Take this example: the phenomenon of "Banned Books Week," "Banned Books" tables at Barnes and Noble, where banned books are valorized as heroic, righteous, challenging, sophisticated, forward-looking, etc. No one today would think of banning Madame Bovary. Nonetheless, books are banned every day in America, usually by prudish Christians in middle-American school districts, without having read said books.
This hypocrisy, applied to an artist's career, means that an earlier work that has been assimilated will always be canonized before difficult, "later" work. The best example is John Coltrane, whose Giant Steps and A Love Supreme are highly rated and coffee-shop favorites, but the line is drawn when he "starts to get really weird." See the new Ben Ratliff book on Coltrane, "The Evolution of a Sound," for a great analysis of the reception of Coltrane's later albums.
This also manifests in tropes about "maturity" and "development" of an aesthetic. Like, when you see Metallica's Black Album rated higher than their thrash metal albums, as if the effort that went into dumbing down their complex and technical metal into simple butt-rock was "maturity" itself.
So, Ulysses but not Finnegan's Wake. Kind of Blue but not Jack Johnson. La Dolce Vita but not Juliet of the Spirits.
Or, to make my point explicit (regarding the bourgeois), any black recording artist prior to making any political statement unfavorable to white people, but *not* the same artist afterwards (they're so extreme!). Cf: Lauryn Hill.
Saturday, September 29, 2007
- The Iliad
- The Odyssey
- Oedipus Rex
- Paradise Lost
- The Inferno
- Swann's Way
- David Copperfield
- War and Peace
- Madame Bovary
- Tristram Shandy
- 100 Years of Solitude
- Great Expectations
- Portrait of a Lady
- Absalom, Absalom!
- The Great Gatsby
- Charterhouse of Parma
- The Trial
- Crime and Punishment
- King Lear
- The Red and the Black
- The Good Soldier
- Pride and Prejudice
- Portrait of the Artist as a Young Man
- The Brothers Karamazov
- Wings of the Dove
- Love in the Time of Cholera
- The Castle
- Borges' Collected Fictions
- The Guermantes Way
- Cities of the Plain
- Jude the Obscure
- Wuthering Heights
- Sound and the Fury
- Tropic of Cancer
- In a Budding Grove
- Richard III
- Heart of Darkness
- Things Fall Apart
- Man and Superman
- The Old Man and the Sea
- Tess of the D'urbervilles
- Bleak House
- Huckleberry Finn
- Grapes of Wrath
- The Fall
- Henry V
- The Stranger
- Our Mutual Friend
- Lord Jim
- Le Morte D'Arthur
- Julius Caesar
- The Pickwick Papers
- Dead Souls
- Pere Goriot
- Animal Farm
- Of Mice and Men
- Naked Lunch
- Vanity Fair
- Dr Jekyll and Mr Hyde
- The Count of Monte Cristo
- For Whom the Bell Tolls
- The Scarlet Letter
- The Song of Roland
- Notes from the Underground
- Fifth Business
- Romeo and Juliet
- Tom Sawyer
- The Maltese Falcon
- One Flew Over the Cuckoo's Nest
- The Secret Agent
- Elective Affinities
- Sense and Sensibility
- The Moonstone
- Catch 22
- Barchester Towers
- The Monk
- All Quiet on the Western Front
- Edwin Mullhouse
- The Long Goodbye
- Mrs. Dalloway
- Washington Square
- Mansfield Park
- New Grub Street
- The Sun Also Rises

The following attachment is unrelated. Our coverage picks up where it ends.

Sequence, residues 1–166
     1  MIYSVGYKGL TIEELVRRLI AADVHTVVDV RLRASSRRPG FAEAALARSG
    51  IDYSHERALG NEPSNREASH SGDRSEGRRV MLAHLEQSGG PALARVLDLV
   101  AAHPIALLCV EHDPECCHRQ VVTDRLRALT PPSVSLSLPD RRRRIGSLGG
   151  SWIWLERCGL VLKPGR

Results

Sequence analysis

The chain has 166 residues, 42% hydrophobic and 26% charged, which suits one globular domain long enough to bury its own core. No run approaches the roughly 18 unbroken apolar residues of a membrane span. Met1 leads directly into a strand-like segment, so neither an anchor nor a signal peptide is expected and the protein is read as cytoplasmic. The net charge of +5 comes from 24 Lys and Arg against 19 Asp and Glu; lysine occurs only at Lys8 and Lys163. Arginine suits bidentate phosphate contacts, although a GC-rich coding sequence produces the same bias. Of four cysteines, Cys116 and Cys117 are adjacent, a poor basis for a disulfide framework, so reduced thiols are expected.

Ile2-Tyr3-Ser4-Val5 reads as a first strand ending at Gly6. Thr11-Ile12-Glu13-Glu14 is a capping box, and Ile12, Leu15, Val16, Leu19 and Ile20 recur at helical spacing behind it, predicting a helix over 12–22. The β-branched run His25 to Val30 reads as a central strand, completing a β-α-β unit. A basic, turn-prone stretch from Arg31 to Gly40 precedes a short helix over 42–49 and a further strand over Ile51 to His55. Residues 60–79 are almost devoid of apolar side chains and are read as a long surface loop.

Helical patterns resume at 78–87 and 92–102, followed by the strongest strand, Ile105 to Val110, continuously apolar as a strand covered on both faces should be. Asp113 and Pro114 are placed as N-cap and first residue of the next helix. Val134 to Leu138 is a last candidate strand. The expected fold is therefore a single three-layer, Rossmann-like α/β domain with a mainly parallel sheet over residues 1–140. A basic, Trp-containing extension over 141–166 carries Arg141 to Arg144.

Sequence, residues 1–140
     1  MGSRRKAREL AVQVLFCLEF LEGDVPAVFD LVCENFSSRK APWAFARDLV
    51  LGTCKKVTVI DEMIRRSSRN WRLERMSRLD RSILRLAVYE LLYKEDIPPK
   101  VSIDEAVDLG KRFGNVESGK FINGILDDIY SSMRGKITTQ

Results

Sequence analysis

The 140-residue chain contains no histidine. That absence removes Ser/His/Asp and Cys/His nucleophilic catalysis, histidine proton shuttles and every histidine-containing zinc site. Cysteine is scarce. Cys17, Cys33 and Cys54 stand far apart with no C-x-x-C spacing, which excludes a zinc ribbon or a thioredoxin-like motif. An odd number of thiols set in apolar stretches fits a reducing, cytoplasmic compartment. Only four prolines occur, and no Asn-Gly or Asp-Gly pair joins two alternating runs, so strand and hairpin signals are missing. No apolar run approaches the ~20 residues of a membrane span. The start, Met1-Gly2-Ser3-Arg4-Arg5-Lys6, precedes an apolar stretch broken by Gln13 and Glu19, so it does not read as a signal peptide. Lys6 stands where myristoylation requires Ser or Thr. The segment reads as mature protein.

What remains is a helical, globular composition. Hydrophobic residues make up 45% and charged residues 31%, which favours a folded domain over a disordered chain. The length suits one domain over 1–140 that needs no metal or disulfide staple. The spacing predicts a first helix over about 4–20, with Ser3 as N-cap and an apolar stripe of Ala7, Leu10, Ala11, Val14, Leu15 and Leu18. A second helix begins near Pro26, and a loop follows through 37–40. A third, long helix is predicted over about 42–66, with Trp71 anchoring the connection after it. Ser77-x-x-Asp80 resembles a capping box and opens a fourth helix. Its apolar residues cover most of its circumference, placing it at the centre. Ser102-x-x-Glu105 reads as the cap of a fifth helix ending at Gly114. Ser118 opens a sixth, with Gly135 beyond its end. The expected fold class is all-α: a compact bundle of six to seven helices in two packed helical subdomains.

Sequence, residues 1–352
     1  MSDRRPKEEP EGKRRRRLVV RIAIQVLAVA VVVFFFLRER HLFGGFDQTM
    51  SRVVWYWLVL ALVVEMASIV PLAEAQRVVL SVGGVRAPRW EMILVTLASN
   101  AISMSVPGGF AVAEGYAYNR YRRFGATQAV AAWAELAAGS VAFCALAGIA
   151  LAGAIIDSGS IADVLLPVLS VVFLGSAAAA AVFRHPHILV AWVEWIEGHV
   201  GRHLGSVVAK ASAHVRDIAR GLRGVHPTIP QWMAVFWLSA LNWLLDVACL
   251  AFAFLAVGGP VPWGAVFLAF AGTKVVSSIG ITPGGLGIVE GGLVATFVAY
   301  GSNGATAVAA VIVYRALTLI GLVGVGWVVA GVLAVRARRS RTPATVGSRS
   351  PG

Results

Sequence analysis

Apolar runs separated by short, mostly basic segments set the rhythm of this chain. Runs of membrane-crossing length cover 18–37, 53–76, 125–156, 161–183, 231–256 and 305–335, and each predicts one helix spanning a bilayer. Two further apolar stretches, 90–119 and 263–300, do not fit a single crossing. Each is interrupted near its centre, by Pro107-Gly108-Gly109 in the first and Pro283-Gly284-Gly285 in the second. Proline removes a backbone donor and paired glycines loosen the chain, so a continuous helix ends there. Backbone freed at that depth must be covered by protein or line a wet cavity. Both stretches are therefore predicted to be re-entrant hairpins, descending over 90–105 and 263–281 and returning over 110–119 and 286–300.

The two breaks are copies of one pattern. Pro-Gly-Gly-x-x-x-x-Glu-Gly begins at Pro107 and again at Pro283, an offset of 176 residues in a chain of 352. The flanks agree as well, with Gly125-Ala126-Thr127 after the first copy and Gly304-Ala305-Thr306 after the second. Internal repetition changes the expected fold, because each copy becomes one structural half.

Wednesday, September 12, 2007
I usually phrase my vexation in terms of my being "an album guy." I have always been frustrated by soundtracks, uncompiled singles, and greatest hits. I want everything to be Rubber Soul (the US version): thirty minutes long, no filler, catchy, smart.
One early appeal of punk music for me (which was later extended, even more exaggeratedly, into my interest in hardcore) was the promise of NO FILLER. Granted, every song might sound the same, but there was no chance of a "Revolution 9," or even of songs decidedly a cut below. Or so it seemed to me then. [This is how one would advertise the Ramones of course--all their songs sound the same---but in reality they have a thousand sound-alike "misses" whose failings would be hard to pin down.] One could almost advance this formula: the more sound-alike the songs on an album, the more likely that any given song will succeed, but the less likely that any one song will stand above the others. So: the more coherent, easily-apprehensible, and individualized the songs are on an album, the harder it is to not fuck up. This is why Sergeant Pepper's is so acclaimed--not that it is the best album, but that probably no one will ever write such a diffuse, quirky, song-by-song-by-song success again. I mean, go ahead and try.
Anyways, I'm a Rubber Soul man myself. And I hope that explains my dislike of compilations.
No? That's unclear?
Let's describe an album, the kind of album that I like. We'll use Rubber Soul, but I also could mean Velvet Underground or Harvest or Closer or Highway 61 Revisited or Between the Buttons or Ziggy Stardust or Pornography or Transilvanian Hunger . (see how I don't name the artists? It's called being pretentious.)
- While all the songs may not sound "the same," they are definitely in a style distinguishable from the band's other work in a loose sense. Perhaps a song or two could drift over to another record, but in general the record has a "feel" that is cohesive. So, "I'm Looking Through You" would not belong on Revolver.
- There's no filler. I happen to prefer the shorter US version on Capitol Records, without "Drive My Car" or "Nowhere Man," two obtrusive singles, and also missing "What Goes On" and "If I Needed Someone," two great songs. But "It's Only Love" and "I've Just Seen a Face" belong more than any of the above-mentioned songs, excepting "If I Needed Someone," a sorely-missed omission. Nonetheless, even with this shuffling about, none of the players are "filler."